Through those hard times, her mother was always the one to comfort her, even if there wasn't a game.

"She didn't like losing, so she would get really emotional and missing her family," said Sharon Hollins, Dayeesha's mother. "I would have to go up on other weekends besides games."

Even when she decided to attend Michigan, she factored in her family traveling the nearly four hours to games and how far they would have to go. Her family only missed three games during her freshman season, despite the long drive. Hollins said they would come to the games and usually stay for a weekend. And of course, bring food.

HollinsMich.jpgNo game more reminded her of how rewarding playing in Cincinnati could be than Michigan's trip to play then No. 8 Xavier at Cintas Center. Her family and friends filled an entire section and watched as she scored 22 points including the game-winning shot for a Michigan upset.

"It was loud," Hollins said. "After the game, I got to stay and hang out with family. It was cool. Then that Sunday I went back to Michigan."

She realized she wanted that opportunity to hang out with her family and friends after every game she played. She finished the 2009-10 season at Michigan and received permission to transfer.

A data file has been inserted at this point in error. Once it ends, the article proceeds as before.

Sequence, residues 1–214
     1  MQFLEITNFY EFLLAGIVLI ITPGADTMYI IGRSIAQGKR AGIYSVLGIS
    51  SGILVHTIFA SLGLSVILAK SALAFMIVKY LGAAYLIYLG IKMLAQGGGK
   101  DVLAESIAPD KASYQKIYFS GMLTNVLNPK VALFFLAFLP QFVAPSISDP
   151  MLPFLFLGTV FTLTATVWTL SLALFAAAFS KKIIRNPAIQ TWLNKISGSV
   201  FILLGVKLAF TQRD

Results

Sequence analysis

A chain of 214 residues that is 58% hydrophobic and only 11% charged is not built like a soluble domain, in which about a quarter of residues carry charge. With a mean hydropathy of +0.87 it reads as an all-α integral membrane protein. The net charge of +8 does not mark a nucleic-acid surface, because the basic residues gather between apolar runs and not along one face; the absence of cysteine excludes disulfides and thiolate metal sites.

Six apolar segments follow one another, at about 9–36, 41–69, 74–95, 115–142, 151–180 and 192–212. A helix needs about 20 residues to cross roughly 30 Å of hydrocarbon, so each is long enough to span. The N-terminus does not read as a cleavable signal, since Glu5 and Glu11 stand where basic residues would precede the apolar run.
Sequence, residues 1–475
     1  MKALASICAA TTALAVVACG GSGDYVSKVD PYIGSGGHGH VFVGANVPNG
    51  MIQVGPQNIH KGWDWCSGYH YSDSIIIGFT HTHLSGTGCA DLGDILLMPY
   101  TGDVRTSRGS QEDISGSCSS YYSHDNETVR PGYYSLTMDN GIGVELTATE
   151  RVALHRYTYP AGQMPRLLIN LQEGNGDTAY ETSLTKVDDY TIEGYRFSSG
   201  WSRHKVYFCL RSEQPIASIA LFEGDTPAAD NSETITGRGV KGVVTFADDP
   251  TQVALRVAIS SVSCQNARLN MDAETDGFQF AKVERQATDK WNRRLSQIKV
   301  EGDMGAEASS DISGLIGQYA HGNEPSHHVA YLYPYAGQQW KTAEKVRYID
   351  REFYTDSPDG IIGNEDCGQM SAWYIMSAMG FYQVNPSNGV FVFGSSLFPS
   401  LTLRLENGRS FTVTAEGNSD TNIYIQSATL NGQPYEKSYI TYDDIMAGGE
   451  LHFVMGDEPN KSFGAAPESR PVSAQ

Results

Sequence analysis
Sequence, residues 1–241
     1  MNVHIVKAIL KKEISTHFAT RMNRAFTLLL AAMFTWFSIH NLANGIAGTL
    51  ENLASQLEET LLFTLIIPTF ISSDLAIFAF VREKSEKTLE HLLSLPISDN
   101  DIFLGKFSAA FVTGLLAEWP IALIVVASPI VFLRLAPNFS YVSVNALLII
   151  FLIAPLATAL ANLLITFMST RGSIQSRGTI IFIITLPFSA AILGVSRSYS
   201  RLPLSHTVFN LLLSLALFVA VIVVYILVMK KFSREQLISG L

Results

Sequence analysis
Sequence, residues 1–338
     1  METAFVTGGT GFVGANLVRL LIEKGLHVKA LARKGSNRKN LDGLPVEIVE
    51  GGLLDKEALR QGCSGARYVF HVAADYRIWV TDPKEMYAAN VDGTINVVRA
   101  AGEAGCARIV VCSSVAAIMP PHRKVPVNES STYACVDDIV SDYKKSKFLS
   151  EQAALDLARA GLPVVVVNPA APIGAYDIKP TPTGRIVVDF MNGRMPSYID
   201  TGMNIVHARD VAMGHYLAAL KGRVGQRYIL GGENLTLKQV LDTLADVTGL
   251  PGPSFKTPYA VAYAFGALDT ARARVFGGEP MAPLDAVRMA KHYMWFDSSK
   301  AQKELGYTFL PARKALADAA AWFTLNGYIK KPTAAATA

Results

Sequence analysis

Meanwhile, Jamelle Elliott just finished her first year at UC. She had no idea about Hollins or the type of player she was until an assistant told her Hollins was thinking about transferring from Michigan to be closer to home.

"It was almost like a Christmas present," Elliott said. "I didn't know about her, I didn't know she was looking to transfer, and I didn't know that Cincinnati was going to be the first school on her list. She just dropped right in our lap."

Elliott and her staff didn't have to watch video on her to know she was going to be a special player. They looked at her statistics from Winton Woods and Michigan and discovered more about her via word of mouth from coaches around the league and in the area.

Per NCAA rules, she sat out the first year. Regardless, she still made an instant impact. She was able to challenge other girls in practice, especially Shareese Ulis, the point guard at the time.